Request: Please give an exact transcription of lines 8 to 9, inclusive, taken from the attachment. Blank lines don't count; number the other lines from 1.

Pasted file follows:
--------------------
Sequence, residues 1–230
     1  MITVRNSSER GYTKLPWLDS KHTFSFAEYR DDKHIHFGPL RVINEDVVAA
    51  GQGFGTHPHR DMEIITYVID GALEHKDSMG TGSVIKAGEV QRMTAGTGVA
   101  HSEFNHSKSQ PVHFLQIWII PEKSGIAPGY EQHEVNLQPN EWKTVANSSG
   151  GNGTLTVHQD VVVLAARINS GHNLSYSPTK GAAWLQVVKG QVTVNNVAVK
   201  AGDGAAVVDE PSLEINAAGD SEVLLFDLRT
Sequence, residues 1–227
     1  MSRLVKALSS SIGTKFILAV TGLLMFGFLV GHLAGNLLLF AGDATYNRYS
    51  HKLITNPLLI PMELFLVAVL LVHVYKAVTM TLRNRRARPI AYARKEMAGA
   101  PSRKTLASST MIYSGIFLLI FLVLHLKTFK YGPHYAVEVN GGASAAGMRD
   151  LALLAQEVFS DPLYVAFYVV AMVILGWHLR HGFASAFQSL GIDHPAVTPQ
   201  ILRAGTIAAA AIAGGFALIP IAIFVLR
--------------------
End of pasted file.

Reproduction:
     1  MSRLVKALSS SIGTKFILAV TGLLMFGFLV GHLAGNLLLF AGDATYNRYS
    51  HKLITNPLLI PMELFLVAVL LVHVYKAVTM TLRNRRARPI AYARKEMAGA